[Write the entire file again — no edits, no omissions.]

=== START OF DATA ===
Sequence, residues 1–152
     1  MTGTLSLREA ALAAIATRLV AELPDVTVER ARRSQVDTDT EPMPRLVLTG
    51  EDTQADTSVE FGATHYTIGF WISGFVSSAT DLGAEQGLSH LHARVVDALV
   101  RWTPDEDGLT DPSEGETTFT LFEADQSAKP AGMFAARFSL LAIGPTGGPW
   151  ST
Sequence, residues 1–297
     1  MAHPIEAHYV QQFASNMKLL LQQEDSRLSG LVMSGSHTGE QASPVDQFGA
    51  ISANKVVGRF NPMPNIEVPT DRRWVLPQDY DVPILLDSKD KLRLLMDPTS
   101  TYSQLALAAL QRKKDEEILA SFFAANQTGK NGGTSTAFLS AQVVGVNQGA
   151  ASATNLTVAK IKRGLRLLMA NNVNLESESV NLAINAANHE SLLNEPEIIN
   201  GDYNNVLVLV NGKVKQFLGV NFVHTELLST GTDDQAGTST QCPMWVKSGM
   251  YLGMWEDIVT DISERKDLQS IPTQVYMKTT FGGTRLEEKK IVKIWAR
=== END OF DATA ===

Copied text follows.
Sequence, residues 1–152
     1  MTGTLSLREA ALAAIATRLV AELPDVTVER ARRSQVDTDT EPMPRLVLTG
    51  EDTQADTSVE FGATHYTIGF WISGFVSSAT DLGAEQGLSH LHARVVDALV
   101  RWTPDEDGLT DPSEGETTFT LFEADQSAKP AGMFAARFSL LAIGPTGGPW
   151  ST
Sequence, residues 1–297
     1  MAHPIEAHYV QQFASNMKLL LQQEDSRLSG LVMSGSHTGE QASPVDQFGA
    51  ISANKVVGRF NPMPNIEVPT DRRWVLPQDY DVPILLDSKD KLRLLMDPTS
   101  TYSQLALAAL QRKKDEEILA SFFAANQTGK NGGTSTAFLS AQVVGVNQGA
   151  ASATNLTVAK IKRGLRLLMA NNVNLESESV NLAINAANHE SLLNEPEIIN
   201  GDYNNVLVLV NGKVKQFLGV NFVHTELLST GTDDQAGTST QCPMWVKSGM
   251  YLGMWEDIVT DISERKDLQS IPTQVYMKTT FGGTRLEEKK IVKIWAR